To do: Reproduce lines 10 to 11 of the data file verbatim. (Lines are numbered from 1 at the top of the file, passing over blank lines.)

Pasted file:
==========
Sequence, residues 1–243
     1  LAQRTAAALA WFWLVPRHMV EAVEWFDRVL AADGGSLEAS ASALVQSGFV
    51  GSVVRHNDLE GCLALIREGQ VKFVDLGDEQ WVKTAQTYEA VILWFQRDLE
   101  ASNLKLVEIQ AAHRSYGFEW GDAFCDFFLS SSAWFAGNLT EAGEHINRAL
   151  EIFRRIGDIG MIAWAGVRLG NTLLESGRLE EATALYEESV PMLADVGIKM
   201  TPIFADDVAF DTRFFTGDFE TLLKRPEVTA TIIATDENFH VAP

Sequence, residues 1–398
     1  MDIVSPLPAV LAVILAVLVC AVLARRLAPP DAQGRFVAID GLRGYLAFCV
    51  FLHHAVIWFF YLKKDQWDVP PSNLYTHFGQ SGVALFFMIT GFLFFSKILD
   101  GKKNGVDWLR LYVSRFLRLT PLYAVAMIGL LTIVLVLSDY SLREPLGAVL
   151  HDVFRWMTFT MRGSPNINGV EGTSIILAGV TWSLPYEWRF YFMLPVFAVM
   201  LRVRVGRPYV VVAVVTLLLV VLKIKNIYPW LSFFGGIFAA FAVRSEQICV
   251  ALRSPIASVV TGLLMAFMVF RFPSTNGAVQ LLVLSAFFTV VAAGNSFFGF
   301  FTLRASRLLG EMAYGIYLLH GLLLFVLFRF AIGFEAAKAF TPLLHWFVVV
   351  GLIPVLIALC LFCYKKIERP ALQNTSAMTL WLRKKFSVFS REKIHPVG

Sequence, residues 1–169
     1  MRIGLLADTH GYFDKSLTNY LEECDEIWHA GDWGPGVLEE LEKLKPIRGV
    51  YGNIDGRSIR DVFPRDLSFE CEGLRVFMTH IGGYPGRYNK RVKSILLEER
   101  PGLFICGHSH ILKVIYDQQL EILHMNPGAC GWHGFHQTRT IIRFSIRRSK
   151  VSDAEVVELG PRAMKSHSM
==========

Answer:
   101  GKKNGVDWLR LYVSRFLRLT PLYAVAMIGL LTIVLVLSDY SLREPLGAVL
   151  HDVFRWMTFT MRGSPNINGV EGTSIILAGV TWSLPYEWRF YFMLPVFAVM